2016 is shaping up to be a pretty good year for video games. There are a ton of hot anticipated titles coming out in the next few months, but the first big release, ‘Rise of the Tomb Raider’ has already dropped. I have yet to play it, but I hear its better than the 2013 revamp, and I really enjoyed that one, so I imagine this one will more than satisfy. ‘XCOM2’, as well as ‘Unravel’, and the latest non-mainstream Assassin’s Creed game have released as well; good for them, but ‘Firewatch’ has been on my immediate short-list ever since it’s E3 debut, so lets get to it. FYI: Spoilers ahead…
Before anyone gets the wrong idea, I’m pretty sure that I wouldn’t describe ‘Firewatch’ as a video game. It’s primary gameplay elements are largely observation and dialogue choice. In a lot of ways it reminds me of ‘Gone Home’ in that it is a glorified walking simulator wherein the player consumes the environment, interacts with the worlds many objects, and unravels the predetermined story(ies). At no point is the player in danger of dying, or missing a quick time event, or starving to death, etc, etc… ‘Firewatch’ is a visual novel, scavenger-hunt, limited-interaction, nature walk of a game, and it is damn good!
The setting is the Shoshone National Forest, Wyoming, 1989. You assume the role of ‘Henry’, a 30-something fire lookout who is trying to run away from a troubled marriage. The initial frames of ‘Firewatch’ setup the rest of the experience via a piano backed choose-your-own-adventure style narrative. In my play-through Henry met his wife Julia at a bar, he was drunk but made an impact on her nonetheless. They begin dating, get married, get a dog, she succumbs to Alzheimers, Henry puts her in a continuous care facility, the dog dies, and Julia eventually goes to live with her family in Australia. She’s still alive, but doesn’t remember Henry or their life together. This is the first 5 minutes…
Henry seeks a job away from people where he could collect his thoughts and attempt to deal with his emotions and the choices he’s made, and will have to make. The actual game opens with Henry hiking to his fire lookout station, greeted by a simple cot, some meager provisions, a lowly outhouse, and solitude, save for the walkie-talkie on his desk. A voice emanates from the radio, and we are introduced to the second character, Henry’s supervisor, senior lookout Delilah. Routine tasks fill Henry’s first few days as a lookout; investigate firework sightings, patrol for hooligans, etc. Shortly, things take a turn and the story really opens up. Henry and Delilah are engulfed in a game of cat-and-mouse with an unseen force that’s seemingly tapped their radios, has been listening and logging their conversations since Henry’s arrival, and may be responsible for missing people in the forest. For the sake of saving the rest of the game for you, I will stop the story description there.
Hype was high for this game, especially with regards to how it made beta-testers and early play-testers ‘feel’. Emotionally, I think ‘Firewatch’ succeeds in producing memorable events and feelings through it’s simple, yet effective soundtrack, and through the fantastic voice acting from Rich Summer (Henry) and Cissy Jones (Delilah). The interactions between Henry and Delilah feel genuine and lifelike. Players choose what to report or comment on, or to not report to Delilah at all. These choices are suppose to shape and change the characters’ relationship with each other. While this appears to work, unfortunately, ‘Firewatch’ suffers from a single ending that may seem incongruous with the interactions and dialogue experienced. It didn’t bother me so much, but after reading some Reddit posts I can understand the frustration. ‘Firewatch’ is good enough to impact players on a level that a lot of games just don’t reach. The story ramps up fast towards the middle of the game, and then runs screaming towards the end. The finale is abrupt in comparison to the slow, methodical, exploration that preceded it.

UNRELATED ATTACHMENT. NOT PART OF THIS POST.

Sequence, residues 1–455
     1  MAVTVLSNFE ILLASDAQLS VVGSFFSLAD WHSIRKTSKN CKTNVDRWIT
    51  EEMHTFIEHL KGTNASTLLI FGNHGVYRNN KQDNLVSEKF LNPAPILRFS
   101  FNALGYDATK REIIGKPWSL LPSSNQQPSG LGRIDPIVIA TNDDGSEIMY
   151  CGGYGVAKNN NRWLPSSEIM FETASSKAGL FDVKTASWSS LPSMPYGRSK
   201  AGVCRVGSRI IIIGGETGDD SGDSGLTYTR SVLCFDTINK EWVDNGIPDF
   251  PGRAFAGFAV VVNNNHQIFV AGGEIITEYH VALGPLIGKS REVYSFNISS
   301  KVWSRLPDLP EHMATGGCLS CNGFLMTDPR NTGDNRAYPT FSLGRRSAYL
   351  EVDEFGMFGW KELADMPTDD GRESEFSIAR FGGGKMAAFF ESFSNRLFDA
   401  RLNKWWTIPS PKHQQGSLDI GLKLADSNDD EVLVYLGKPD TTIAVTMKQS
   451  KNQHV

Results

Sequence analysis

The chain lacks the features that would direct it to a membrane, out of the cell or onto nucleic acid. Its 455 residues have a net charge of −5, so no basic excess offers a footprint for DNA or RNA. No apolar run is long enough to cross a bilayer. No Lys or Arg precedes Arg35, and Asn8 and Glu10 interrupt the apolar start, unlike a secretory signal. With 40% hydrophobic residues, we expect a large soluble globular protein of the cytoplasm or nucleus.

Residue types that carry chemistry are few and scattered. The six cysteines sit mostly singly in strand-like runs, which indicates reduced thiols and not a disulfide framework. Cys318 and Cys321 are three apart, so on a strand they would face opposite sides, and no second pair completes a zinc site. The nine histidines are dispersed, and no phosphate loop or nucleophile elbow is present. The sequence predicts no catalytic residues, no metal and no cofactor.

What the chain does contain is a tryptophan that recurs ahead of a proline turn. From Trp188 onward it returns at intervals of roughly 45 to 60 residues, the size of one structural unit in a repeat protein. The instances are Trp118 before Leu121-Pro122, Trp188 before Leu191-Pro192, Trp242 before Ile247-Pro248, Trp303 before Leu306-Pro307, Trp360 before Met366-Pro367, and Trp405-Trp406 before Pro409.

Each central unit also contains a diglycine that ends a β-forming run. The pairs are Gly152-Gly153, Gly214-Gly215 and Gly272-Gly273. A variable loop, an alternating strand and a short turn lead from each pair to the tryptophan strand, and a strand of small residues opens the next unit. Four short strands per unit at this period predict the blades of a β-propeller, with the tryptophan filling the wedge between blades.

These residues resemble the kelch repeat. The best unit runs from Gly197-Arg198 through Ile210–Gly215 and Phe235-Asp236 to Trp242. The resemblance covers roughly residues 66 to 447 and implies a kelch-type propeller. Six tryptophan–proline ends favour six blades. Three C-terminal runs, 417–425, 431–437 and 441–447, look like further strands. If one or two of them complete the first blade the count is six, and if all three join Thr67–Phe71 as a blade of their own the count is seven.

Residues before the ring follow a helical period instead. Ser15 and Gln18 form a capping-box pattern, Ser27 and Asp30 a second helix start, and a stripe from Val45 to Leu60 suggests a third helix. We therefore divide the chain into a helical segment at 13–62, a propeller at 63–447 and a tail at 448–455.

Visually, I’ll let the screenshots speak for themselves; however, I will highlight a few things. At one point in the ‘Firewatch’ you find a disposable camera. It isn’t made apparent, but the pictures you take in-game are uploaded to firewatch.camera . After completing the game you receive a link to order your pictures in real life. For $15 you can actually have your pictures developed. This is one of the coolest features I’ve ever seen, and I intend on making use of it during my second playthrough. ‘Firewatch’ runs on the Unity Engine. Call me crazy, but it seems like a lot of games are using Unity (Ori and the Blind Forest, Grow Home, Cuphead, KSP, Cities Skylines). I think it is impressive that the engine can be so accommodating to present each games’ visual theme so well. Hats off to the Unity Team!
‘Firewatch’ is a good, albeit short experience. I clocked a little over 5 hours on my first play-through, and I’m pretty sure I experienced +90% of all that could be. Normally a 5-hour game would infuriate me, and I’d ask for my money back, but this game isn’t a $50-$60 game; its ~$18. For that, I believe I got my money’s worth. I hope ‘Firewatch’ doesn’t get beaten down by negative comments regarding a weak (late-game) story or abrupt, single ending. For their first release, Campo Santo has done extremely well in my book. Look for ‘Firewatch’ on Steam, and on PS4; it’s out now!